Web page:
And by this time, I had realized that [00:37:00] podcasting is kind of a form of therapy. I mean,

Scott DeLuzio: it is.

Donald Dunn: it gets you talking, um, especially if you can get somebody around you and you can forget that it’s being recorded. You can forget that it’s live, whatever. And you’re just having a conversation with another veteran and you just talk about things that happen.

And I found myself opening up about stuff that I’ve never even talked to my family about. And so I realized that and I got to that point where I didn’t care if one person watched my show or 10, 000 people watched it. It was about me healing at this point and it was working. Well, my Facebook, um, algorithm somehow started putting veteran musicians.

And some people put me in contact with some, and I realized they had the same problem that podcasters have is, you know, Spotify, you’re either a huge success from the get go or you get buried in the algorithms and you’re going to spend a lot of money advertising. It’s one or the other. And for me, it didn’t matter because I had a job.

[00:38:00] For them this was their job. So another just spontaneous idea I said well why don’t I just start a radio station and we’ll just play veterans music and then they won’t have no competition and you either have to be a veteran or a dependent of a veteran and if you’re a musician or if you’re just writing and singing songs in your bedroom and recording them.

We play everybody’s music. It doesn’t matter. If you give it, if you give it to me, it’s going on there. And I learned real quick that it wasn’t that simple. Um, I had to turn it into a business so I could get licensed through BMI and ASCAP and, and those companies. And that led to my podcast getting sponsored by a, a non profit called, uh, um, Operation Encore.

And so they paid for some of this licensing. And, uh, Now that the radio station’s up and running, we have three channels. We have a country station called Semper Fi Country, we have a rock station called Ranger Rockwave, [00:39:00] and we have a mix station called Vet Mix. And, uh, um, the only deciding factor is, is if we physically have enough music on a genre, I will create the station and it’ll be its own station.

Then next place, everybody. But we, we grew so fast. I couldn’t believe it that I went from one artist on the day that we launched to now we’re probably just under a hundred artists and six, seven hundred, um, songs, you know, so it got to the point where. People were only getting their songs played like once every three days because we had so many, you know, everybody’s songs got played.

There was no, you know, and this ran 24 hours a day. The first three months I played 18, 000 songs. And so, um, I realized there was good stuff coming from this, and I wanted to do a little bit more, so I, I, I started, and it hasn’t been officially, um, put as a non [00:40:00] profit, we’re, we’re, we’re now applying for the 501C and, and, uh, going through all the legality, but we started this foundation called, uh, Heroes Voices Media Foundation, and it’s three projects that are underneath it.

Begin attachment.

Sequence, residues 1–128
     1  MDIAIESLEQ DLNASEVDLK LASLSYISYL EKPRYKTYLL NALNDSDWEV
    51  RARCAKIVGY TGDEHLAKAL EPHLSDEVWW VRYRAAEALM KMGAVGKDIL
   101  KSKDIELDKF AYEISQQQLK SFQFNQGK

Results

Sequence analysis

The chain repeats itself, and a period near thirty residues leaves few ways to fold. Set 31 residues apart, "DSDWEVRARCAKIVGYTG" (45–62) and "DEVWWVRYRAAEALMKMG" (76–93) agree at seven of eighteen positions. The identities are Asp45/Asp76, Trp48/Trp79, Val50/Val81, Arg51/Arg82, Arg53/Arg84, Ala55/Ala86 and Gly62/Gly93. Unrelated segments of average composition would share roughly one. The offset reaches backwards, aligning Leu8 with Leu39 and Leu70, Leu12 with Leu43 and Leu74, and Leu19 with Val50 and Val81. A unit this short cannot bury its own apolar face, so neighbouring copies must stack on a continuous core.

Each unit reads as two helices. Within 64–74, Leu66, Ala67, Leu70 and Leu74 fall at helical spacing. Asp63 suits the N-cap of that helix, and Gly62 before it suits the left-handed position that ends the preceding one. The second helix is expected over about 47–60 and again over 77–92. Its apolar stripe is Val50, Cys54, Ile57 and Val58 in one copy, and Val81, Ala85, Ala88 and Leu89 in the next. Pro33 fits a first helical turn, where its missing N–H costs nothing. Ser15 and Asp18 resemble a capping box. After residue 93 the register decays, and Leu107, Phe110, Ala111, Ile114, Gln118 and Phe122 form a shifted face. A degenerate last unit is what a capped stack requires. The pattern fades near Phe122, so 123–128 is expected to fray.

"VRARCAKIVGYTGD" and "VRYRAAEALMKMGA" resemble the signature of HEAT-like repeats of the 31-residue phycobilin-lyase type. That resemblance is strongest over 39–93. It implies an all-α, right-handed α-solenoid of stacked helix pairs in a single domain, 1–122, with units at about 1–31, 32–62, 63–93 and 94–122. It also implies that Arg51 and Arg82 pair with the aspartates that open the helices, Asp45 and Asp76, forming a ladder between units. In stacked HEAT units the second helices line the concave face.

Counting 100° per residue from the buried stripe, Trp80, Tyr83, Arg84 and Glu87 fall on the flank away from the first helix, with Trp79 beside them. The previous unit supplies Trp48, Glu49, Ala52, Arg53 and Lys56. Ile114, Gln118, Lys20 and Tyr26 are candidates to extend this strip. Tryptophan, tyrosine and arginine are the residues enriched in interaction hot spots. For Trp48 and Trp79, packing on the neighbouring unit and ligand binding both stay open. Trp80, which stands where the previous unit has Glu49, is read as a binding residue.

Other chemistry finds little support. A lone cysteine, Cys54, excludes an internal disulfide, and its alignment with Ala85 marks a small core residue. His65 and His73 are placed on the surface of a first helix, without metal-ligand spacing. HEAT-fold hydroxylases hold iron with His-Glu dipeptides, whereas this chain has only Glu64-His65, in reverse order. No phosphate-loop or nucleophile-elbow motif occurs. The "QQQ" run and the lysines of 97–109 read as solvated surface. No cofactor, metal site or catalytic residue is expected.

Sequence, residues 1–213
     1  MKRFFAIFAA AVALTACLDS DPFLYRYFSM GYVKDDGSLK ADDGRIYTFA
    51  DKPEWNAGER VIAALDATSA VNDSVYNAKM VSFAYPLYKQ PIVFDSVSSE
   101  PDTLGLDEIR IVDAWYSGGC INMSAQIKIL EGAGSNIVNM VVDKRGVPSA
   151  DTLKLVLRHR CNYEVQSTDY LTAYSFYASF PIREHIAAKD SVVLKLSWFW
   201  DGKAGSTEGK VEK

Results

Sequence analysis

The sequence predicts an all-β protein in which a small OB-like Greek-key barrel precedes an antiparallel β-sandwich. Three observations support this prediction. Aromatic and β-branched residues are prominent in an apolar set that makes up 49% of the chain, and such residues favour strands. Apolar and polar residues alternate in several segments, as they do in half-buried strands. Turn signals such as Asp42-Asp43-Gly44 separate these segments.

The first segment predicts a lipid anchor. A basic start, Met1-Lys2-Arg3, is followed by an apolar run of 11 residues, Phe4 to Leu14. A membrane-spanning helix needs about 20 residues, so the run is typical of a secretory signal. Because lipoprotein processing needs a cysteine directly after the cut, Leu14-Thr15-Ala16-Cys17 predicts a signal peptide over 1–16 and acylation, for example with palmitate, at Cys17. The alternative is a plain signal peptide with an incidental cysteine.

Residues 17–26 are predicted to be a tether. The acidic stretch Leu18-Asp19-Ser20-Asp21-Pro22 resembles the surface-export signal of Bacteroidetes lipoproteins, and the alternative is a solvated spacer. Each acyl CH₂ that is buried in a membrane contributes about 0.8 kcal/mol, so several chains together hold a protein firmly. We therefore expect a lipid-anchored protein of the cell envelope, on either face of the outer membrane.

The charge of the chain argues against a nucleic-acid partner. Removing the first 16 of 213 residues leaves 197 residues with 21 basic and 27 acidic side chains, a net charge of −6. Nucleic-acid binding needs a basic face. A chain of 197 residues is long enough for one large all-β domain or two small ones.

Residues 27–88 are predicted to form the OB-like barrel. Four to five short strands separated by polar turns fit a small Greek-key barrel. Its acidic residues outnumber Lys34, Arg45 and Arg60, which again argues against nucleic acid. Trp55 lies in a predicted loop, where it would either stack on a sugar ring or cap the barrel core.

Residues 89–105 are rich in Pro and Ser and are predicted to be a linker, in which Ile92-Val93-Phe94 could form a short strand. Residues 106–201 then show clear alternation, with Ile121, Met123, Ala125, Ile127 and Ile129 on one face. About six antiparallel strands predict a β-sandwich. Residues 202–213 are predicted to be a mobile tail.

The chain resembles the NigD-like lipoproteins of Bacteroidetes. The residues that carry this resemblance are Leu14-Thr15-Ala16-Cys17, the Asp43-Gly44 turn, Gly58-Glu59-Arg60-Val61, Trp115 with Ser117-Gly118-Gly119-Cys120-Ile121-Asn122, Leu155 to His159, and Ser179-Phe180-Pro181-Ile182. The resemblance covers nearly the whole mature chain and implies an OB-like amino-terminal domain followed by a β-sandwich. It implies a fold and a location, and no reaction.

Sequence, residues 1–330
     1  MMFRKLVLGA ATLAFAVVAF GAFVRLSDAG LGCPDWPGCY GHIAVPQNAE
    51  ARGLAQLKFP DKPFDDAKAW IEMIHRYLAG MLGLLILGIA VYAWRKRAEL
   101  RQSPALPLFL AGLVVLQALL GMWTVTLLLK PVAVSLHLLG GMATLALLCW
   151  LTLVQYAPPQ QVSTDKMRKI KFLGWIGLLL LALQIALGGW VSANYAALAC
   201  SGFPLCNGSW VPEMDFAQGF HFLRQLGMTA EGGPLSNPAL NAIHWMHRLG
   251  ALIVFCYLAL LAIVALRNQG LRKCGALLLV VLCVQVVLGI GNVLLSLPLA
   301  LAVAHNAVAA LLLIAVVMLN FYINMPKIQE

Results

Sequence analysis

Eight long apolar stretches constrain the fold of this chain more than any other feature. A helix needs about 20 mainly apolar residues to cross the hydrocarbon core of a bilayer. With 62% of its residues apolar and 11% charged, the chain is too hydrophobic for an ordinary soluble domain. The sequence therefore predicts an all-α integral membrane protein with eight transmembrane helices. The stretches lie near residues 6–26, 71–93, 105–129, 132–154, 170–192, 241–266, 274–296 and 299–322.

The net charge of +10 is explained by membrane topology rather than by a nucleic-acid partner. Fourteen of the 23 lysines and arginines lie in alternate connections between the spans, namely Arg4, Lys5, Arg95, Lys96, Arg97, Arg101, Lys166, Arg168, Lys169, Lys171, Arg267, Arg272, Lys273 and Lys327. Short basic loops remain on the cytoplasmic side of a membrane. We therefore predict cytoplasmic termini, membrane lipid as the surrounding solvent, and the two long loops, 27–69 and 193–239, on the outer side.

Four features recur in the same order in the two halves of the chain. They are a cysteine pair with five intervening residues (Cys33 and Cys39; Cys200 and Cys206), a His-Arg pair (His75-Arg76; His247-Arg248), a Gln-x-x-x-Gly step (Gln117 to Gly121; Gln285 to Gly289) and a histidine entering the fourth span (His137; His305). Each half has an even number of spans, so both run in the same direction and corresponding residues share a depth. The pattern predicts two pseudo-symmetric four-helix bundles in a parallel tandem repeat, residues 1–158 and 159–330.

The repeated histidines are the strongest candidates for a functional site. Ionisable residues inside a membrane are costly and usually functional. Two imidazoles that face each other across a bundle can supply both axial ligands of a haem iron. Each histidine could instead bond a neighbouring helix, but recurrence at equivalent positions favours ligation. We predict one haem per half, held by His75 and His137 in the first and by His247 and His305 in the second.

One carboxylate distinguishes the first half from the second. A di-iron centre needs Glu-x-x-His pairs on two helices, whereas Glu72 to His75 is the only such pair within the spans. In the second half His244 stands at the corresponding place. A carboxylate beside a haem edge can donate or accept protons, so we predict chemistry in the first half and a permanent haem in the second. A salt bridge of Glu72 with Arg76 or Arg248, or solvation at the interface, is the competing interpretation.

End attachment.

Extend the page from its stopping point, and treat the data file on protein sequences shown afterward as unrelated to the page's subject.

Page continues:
There’s, uh, Military United Podcast Streams, which is for podcasters and streamers. You got the Gun Room Radio, which is for the musicians. And then we’ve got a project that I’m still writing that I haven’t officially launched yet called, uh, Warrior Words. And it’s for authors, bloggers, and article writers.

Poets, and that type of stuff. Each of these projects are designed to, one, allow you to keep doing what is therapy. You’re either writing songs about stuff that are a story that you want to tell, you’re you’re telling it on podcasting, you’re writing it in a book, but all these things can get really frustrating if all you’re doing is dumping money.

And you’re not getting anything back out of it. So [00:41:00] our goal is to help you keep going until you can find some form of traditional therapy that works for you. Cause so many people go to the VA, they walk out those doors and they say, well, there’s nothing that works for me. And there is so many other things out there, but you have to keep these guys looking and trying things

until they find it. and and that’s the purpose of it.

Scott DeLuzio: Yeah, and you know, there’s, there’s all these different

ways of, um, you know, kind of alternative therapies. You were just talking about how podcasting to you would, became therapeutic. Um, it’s not stuff like if you go to a psychiatrist, it’s not in their, their menu of things that they’re going to offer to you.

It’s like, how do you start podcasting and, and give you that type of, uh, type of thing and say, hey, or go do this for a little while and see how it helps you. Um, but. There are things that you can do [00:42:00] outside of a therapist’s office that, things like podcasting, or writing, or, or, uh, writing music, or artwork, or any number of different things, gardening, ballroom dancing, you know, whatever, gets you out of your head for that minute, and in that present moment.

Moment and just being focused on whatever it is that you find yourself doing that, that helps you. Like right now we’re having this conversation and nothing else is in my mind except for this conversation. Um, you know, and I’m, I’m interested in your story. I’m, I’m asking you about things that you did and, and all that kind of stuff.